Lisa has a bit more time on her hands with a class-free summer (I should say school-free, she’s pretty classy). She can now contemplate important topics like the perfect (healthy) summer cocktail and today’s query “to sprout or not to sprout”. Thanks for this Lisa.

You don’t have to be a nutritionist to conclude that spouted grains sound healthier than bleached, processed or refined grains. Not only do sprouted grains sound healthier, they really are.
A little background
To make white bread part of the wheat kernel (the nutritious part) is removed and the remaining portion milled into flour. Whole-wheat bread is slightly better, the germ (actually loaded with vitamins despite its name) and the bran are used when making the flour. For sprouted grain bread the kernels are sprouted and then this is used for the breads.
Nutritional benefits
Sprouted grains are higher in nutrients than their unsprouted counterparts. Sprouted wheat contains four times the amount of niacin and nearly twice the amount of vitamin B6 and folate. The process of sprouting also leads to a product that is easier to digest. Sprouting is not new, I learned from the Bobs  Red Mill site it dates back to the 2nd century BC and the Essenes (a Jewish monastic group).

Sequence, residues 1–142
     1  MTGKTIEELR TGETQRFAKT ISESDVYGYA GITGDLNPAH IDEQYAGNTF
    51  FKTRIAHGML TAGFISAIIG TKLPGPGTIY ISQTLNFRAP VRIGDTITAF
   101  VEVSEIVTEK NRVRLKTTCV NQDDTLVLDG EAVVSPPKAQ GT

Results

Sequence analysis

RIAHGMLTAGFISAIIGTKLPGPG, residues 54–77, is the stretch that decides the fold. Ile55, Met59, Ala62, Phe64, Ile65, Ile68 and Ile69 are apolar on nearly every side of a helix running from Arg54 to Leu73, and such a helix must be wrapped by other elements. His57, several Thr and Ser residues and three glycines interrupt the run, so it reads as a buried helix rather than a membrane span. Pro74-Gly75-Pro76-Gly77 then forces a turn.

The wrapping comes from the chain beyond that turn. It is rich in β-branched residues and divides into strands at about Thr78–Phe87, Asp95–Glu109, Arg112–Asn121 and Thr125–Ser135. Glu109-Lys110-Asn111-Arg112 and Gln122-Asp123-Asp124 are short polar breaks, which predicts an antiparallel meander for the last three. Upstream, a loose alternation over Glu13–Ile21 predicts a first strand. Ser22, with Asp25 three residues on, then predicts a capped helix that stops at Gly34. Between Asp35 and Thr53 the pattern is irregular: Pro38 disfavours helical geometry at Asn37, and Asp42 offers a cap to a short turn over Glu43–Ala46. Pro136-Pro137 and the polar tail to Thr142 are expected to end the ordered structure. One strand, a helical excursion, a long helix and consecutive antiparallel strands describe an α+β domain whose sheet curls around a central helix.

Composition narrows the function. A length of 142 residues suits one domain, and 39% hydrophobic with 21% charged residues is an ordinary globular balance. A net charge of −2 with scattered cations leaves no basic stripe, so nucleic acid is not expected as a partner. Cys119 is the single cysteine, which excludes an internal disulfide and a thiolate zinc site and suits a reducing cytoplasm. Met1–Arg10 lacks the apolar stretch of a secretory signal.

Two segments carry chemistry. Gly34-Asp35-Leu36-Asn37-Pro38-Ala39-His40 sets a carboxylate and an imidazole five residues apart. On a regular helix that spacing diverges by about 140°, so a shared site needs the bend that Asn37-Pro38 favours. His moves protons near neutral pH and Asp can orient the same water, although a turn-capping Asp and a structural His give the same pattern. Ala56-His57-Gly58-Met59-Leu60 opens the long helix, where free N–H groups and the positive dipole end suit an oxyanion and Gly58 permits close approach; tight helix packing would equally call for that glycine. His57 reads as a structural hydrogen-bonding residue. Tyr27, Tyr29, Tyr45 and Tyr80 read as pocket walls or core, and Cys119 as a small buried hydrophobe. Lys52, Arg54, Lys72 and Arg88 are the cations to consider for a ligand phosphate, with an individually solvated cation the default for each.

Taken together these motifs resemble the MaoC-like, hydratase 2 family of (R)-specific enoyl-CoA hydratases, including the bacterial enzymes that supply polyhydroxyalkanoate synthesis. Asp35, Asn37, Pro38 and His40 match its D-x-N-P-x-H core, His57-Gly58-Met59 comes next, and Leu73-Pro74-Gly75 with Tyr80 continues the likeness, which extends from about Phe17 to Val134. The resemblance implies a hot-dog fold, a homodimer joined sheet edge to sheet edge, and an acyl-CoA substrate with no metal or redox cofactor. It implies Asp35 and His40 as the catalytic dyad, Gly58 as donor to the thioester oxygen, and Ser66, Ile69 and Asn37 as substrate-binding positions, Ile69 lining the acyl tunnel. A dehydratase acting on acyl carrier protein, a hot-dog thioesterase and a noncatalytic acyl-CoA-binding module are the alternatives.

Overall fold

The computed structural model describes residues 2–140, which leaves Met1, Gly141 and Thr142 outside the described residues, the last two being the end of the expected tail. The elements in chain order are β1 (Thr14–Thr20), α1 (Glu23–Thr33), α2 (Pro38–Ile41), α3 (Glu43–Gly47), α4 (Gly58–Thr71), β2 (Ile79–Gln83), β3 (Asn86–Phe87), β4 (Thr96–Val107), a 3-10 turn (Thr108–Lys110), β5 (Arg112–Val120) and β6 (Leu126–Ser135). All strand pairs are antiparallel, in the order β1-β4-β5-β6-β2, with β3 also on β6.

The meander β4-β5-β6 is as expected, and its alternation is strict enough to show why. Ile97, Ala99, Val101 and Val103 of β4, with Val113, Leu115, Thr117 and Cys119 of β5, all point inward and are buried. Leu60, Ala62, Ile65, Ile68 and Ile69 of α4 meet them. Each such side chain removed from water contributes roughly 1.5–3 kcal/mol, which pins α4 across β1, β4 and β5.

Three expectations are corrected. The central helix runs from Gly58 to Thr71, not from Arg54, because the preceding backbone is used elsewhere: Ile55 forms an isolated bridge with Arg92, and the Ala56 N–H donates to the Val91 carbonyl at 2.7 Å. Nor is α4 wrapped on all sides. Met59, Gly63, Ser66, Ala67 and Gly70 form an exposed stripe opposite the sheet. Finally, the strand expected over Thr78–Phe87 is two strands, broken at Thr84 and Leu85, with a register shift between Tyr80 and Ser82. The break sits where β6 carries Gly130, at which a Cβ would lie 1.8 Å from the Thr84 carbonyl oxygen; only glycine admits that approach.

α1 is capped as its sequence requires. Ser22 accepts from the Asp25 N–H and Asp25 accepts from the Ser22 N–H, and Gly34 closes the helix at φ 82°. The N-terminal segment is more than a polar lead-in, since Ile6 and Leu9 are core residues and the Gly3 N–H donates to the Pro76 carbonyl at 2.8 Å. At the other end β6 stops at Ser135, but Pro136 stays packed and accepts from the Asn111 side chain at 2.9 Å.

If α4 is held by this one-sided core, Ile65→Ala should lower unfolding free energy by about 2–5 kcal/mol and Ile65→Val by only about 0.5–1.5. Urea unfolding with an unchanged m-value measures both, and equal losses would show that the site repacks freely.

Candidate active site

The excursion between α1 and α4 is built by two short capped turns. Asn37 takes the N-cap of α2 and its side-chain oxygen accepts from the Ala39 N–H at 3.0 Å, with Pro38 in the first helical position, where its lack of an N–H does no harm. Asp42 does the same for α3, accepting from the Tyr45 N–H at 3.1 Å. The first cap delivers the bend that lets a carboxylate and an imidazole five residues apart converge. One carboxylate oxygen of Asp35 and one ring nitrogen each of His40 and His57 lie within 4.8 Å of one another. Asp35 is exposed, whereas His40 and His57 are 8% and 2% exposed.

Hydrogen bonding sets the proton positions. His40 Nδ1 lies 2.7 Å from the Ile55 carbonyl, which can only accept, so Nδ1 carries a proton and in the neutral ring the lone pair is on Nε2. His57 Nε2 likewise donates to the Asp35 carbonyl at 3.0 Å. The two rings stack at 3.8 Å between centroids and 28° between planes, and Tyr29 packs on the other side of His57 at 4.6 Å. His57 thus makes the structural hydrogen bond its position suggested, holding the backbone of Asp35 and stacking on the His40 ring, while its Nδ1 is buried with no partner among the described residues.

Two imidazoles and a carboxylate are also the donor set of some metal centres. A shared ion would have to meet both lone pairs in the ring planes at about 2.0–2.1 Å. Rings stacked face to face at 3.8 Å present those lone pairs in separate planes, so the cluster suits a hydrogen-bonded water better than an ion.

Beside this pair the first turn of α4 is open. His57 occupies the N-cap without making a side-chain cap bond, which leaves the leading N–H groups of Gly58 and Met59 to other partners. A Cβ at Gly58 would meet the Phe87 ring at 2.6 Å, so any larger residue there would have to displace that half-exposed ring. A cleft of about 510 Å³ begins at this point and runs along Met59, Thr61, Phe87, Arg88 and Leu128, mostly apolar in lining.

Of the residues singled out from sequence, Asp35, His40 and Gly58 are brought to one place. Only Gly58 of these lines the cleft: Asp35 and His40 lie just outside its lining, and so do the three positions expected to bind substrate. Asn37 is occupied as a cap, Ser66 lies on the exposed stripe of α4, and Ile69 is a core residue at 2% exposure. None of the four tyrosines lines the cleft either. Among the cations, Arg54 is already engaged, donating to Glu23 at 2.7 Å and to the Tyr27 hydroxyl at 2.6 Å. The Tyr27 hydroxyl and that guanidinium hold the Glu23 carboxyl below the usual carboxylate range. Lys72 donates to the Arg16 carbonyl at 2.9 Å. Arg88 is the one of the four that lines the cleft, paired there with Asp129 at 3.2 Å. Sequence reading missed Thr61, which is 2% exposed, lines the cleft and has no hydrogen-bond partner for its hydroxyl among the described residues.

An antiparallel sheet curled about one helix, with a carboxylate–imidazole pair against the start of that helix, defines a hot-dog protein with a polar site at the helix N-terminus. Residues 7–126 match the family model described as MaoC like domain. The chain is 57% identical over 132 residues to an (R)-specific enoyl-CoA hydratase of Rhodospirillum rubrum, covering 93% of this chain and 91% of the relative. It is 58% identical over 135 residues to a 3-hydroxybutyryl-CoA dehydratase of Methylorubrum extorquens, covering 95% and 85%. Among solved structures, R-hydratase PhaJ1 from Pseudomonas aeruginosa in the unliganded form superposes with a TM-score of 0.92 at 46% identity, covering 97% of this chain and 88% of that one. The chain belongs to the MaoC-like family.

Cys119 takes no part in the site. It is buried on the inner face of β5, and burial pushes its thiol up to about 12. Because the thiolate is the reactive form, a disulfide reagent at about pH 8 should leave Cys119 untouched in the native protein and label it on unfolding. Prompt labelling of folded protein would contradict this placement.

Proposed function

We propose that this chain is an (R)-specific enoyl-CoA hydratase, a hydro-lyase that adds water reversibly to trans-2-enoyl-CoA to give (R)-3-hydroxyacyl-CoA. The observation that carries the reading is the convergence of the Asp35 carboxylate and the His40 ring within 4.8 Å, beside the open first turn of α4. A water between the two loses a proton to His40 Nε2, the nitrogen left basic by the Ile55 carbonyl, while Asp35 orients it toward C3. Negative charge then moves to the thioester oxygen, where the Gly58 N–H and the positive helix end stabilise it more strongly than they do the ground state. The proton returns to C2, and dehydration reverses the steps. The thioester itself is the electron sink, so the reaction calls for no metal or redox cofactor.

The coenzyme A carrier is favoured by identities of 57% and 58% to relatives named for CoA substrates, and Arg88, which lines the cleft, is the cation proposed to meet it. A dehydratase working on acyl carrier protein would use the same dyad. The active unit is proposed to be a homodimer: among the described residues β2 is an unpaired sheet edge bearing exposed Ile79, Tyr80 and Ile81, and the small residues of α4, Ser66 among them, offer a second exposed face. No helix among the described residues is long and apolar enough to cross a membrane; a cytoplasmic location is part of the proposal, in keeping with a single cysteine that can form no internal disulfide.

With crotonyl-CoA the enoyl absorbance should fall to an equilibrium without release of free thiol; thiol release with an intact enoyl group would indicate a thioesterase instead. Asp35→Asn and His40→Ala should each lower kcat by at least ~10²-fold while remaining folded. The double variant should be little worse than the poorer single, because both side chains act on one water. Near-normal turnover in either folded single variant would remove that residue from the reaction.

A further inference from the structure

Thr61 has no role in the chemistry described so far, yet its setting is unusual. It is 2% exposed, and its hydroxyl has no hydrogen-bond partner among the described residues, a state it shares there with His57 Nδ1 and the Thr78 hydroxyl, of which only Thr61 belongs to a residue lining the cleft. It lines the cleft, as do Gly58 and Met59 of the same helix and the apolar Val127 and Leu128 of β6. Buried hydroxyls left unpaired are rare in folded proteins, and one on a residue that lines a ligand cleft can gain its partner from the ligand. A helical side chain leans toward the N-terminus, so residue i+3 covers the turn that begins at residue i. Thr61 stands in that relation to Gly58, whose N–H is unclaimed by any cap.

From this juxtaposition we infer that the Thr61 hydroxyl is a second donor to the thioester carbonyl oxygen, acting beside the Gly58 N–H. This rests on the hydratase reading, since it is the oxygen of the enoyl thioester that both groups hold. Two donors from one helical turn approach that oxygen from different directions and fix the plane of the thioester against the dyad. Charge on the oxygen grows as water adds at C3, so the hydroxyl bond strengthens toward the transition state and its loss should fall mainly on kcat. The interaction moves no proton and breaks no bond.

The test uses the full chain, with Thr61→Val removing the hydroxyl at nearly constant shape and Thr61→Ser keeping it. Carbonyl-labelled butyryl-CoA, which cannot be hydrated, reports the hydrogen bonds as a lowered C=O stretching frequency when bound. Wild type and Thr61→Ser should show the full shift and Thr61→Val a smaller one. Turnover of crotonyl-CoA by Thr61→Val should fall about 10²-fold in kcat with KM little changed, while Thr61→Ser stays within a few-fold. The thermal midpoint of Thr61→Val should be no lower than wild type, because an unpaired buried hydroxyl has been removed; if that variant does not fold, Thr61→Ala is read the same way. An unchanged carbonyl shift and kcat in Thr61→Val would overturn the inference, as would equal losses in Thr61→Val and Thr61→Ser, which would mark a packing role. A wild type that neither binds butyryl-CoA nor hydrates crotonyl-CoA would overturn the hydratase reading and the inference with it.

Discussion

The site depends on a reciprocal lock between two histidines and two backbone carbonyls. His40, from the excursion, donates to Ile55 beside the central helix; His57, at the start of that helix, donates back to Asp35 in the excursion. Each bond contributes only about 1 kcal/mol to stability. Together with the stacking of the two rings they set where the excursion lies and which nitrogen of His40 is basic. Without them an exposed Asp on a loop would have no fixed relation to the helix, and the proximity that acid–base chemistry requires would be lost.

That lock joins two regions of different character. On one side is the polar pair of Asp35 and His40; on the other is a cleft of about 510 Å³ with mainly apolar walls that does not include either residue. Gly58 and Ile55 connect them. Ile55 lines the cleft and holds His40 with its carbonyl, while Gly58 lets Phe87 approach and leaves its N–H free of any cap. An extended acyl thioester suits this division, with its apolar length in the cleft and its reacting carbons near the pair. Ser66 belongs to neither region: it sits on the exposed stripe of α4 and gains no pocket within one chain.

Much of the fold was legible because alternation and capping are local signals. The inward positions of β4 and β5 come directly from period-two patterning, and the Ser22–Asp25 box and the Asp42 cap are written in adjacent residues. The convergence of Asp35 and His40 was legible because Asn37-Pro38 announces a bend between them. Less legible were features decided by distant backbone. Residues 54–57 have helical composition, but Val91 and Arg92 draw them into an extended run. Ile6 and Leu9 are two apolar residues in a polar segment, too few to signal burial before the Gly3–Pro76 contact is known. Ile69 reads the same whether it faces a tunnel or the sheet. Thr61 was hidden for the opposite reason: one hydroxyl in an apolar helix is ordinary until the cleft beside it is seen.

Since sprouted grains products are such a departure from their refined and processed counterparts, they are often referred to as “live food”. Certain varieties have been deemed acceptable by many raw foodists. In my opinion, one of the key benefits of sprouted grain products is that they are higher in protein than other breads. The reason their protein content is higher is because some carbohydrates (from the wheat kernel) are lost in the process of sprouting.
Buying sprouted grain bread
If you haven’t noticed spouted grain products in your grocery store, it’s because you likely haven’t looked for bread or English muffins in the freezer section. Since sprouted grain products are “alive” they are best kept in the freezer or the refrigerator, which is why you won’t find them in the doughy bread aisle alongside those ick white hot dog buns.
Sprout yourself
I’ll be honest I don’t see myself taking up sprouting any time soon but if you’re dying to sprout your own grains, click here for simple instructions. Report back to let us know how it goes, and how you enjoyed your living food!  
Do you eat any sprouted food? Are you familiar with Ezekiel, Shiloh Farms or French Meadow? Does sprouting intrigue you or scare you?


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